Heartbeet Kitchen
Simple & Seasonal: 7 Delicious Recipes for Ramps

Seven Delicious Recipes for Ramps | @amandapaathis post contains amazon affiliate links.

I discovered ramps, also known as wild leeks, shortly after I started writing this blog. Skipping down the aisles of the Minneapolis Farmers Market, there seemed to be a hoard of people around what I thought were just spring onions or young garlic. I found out that part of what makes them so special is that they are foraged, not grown by man, which makes their exclusivity a draw. I nudged my way to the front of the table, grabbed one of the last bunches, brought them home and discovered what all the fuss was about.

What do ramps look like?

  • Their leaves were shaped much like that of tulips, soft and delicate to the touch.
  • Their bulb (which grows from the root) was a gorgeous light pink, turning to white as they stretched to the leaves, a natural ombre effect.
  • And the aromatics…. like sweet, pungent garlic that you just began to sauté in a hot pan, tempting you to bite into one raw.

They have a fresh perfume that lingers when you cut into them, a gentle garlic/onion flavor when softly cooked. And they bring a grassy freshness to any dish, subtly sweeter than their spring onion and leek cousins.

What to look for when buying ramps, and how to keep fresh:

Bright green leaves and no wilting.
Lightly wash them with cold water and dry before wrapping them in a slightly moist paper towel and placing in a plastic bag.

Store them in the door of your refrigerator so they don’t get too cold. They’ll last about three days, so if you don’t have to cook them in a meal, use of the condiments above to preserve them.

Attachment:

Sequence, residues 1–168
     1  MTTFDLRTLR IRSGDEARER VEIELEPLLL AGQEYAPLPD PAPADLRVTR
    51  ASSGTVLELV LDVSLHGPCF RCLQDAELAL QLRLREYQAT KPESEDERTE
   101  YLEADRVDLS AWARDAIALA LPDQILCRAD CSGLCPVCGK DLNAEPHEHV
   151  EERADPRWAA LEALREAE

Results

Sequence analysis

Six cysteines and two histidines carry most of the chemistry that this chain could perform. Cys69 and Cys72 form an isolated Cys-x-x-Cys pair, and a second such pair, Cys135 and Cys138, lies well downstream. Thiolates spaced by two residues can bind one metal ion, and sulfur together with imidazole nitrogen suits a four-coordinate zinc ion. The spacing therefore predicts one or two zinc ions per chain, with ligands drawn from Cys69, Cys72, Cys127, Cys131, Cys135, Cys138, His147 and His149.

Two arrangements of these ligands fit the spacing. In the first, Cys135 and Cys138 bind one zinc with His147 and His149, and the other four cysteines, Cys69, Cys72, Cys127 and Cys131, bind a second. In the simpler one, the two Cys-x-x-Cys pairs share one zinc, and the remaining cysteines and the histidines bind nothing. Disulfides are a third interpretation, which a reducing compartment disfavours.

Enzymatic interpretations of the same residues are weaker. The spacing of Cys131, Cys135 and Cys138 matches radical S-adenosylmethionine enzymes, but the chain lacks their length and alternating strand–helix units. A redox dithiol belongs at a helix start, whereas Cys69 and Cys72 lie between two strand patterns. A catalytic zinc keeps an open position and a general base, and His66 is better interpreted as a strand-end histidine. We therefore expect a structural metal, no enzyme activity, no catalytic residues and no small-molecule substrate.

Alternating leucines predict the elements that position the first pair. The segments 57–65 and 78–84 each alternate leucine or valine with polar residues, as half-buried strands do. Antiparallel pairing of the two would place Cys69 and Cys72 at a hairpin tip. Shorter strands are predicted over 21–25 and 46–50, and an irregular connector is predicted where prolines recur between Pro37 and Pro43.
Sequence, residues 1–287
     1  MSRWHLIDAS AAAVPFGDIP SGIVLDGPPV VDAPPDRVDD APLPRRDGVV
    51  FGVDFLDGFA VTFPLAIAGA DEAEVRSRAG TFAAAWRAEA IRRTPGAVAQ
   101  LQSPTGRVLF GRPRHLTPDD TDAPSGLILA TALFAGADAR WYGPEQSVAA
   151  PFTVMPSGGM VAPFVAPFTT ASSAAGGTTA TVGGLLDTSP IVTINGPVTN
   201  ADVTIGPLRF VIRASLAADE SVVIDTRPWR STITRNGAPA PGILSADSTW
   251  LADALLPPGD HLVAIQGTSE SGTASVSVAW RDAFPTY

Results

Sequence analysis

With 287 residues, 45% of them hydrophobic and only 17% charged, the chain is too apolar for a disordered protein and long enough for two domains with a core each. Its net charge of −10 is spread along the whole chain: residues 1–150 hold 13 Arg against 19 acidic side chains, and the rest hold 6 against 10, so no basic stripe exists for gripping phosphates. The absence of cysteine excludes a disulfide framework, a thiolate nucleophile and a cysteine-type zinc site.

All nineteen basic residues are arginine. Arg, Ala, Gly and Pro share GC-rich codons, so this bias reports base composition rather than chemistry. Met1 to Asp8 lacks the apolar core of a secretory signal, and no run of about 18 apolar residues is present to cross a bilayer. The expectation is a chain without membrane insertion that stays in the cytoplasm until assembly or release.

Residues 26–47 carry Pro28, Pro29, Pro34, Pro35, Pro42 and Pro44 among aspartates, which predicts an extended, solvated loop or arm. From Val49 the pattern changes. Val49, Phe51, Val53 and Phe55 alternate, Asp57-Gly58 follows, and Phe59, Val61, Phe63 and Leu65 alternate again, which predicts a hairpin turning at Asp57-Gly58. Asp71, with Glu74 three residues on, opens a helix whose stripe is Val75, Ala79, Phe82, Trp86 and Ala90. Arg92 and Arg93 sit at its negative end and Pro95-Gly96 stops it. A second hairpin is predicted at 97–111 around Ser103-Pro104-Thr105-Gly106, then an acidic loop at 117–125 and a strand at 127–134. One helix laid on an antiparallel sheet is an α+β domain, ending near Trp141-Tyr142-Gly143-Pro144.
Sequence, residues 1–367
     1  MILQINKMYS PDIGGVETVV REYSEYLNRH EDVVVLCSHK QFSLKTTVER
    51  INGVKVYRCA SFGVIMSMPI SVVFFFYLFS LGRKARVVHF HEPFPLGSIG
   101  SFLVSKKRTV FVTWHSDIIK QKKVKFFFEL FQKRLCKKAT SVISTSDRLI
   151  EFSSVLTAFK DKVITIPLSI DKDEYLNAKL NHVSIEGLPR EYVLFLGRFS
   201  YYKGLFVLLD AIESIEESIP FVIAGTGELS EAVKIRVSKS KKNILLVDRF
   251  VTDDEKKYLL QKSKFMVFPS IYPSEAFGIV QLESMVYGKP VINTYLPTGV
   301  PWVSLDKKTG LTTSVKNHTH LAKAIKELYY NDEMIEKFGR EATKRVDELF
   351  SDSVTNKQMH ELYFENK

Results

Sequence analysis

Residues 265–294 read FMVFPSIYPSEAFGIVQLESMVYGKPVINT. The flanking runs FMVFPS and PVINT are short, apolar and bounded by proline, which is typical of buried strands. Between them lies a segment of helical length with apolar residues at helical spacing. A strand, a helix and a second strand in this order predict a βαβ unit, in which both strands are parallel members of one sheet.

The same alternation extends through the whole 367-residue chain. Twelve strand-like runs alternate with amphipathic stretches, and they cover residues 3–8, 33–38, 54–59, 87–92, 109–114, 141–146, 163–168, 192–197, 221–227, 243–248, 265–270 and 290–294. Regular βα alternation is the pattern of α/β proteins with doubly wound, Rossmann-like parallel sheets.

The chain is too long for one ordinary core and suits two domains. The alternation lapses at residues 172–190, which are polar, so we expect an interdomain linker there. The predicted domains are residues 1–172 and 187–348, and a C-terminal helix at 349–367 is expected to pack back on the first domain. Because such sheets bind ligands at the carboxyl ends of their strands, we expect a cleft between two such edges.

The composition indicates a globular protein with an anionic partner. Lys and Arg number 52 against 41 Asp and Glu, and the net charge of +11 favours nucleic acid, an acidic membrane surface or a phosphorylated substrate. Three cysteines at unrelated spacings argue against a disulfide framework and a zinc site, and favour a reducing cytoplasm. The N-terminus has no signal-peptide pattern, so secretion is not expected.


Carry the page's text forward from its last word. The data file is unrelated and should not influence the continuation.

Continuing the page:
So without further ado, here are SEVEN DELICIOUS RECIPES FOR RAMPS, all begging to make their way onto your table this spring:

Simple Asparagus & Ramp Soup {recipe}

1. Simple Asparagus and Ramp Soup: The return of foods so brightly colored just lifts my spirit, a departure from all the things roasted that we embrace during winter. Laura combines two perennial favorites in this creamy soup, seemingly perfect for a rainy day and the smell of spring hitting the ground. (recipe & photo by A First Mess)

Quick Pickled Ramps recipe (refined sugar-free, paleo)

2. Pickled Ramps: I love pickles, and the quick type that require no canning are great for extending vegetables that have such a short season. These are my favorite weck jars for pickling. 

This recipe doesn’t use any sweetener, so it’s paleo too. You can add them to salads, charcuterie plates or just snack and savor. (recipe & photo by Local Kitchen)

Grain-Free Risotto with Asparagus Ramp Sauce

3. Riceless Risotto with Ramps (AIP/paleo if cheese is omitted): If there’s anyone who can make magic out of plants, it’s Sarah from My New Roots.

Her risotto uses white asparagus “rice” instead of grains, adorned with a smooth blend of ramps and green asparagus.

A true spring delight. If you can’t find white asparagus, you can make cauliflower rice instead, and proceed with the recipe. (recipe & photo by My New Roots)

Easy Ramp Butter

4. Ramp Butter: If this is your first time trying ramps and you’re stumped on what to do with them, condiments are always a great option. Imagine the flavors of buttery, garlic chive biscuits and that’s what one swipe of this green beauty will bring.

I have plans to try this with ghee, too! (recipe & photo from Bon Appetit)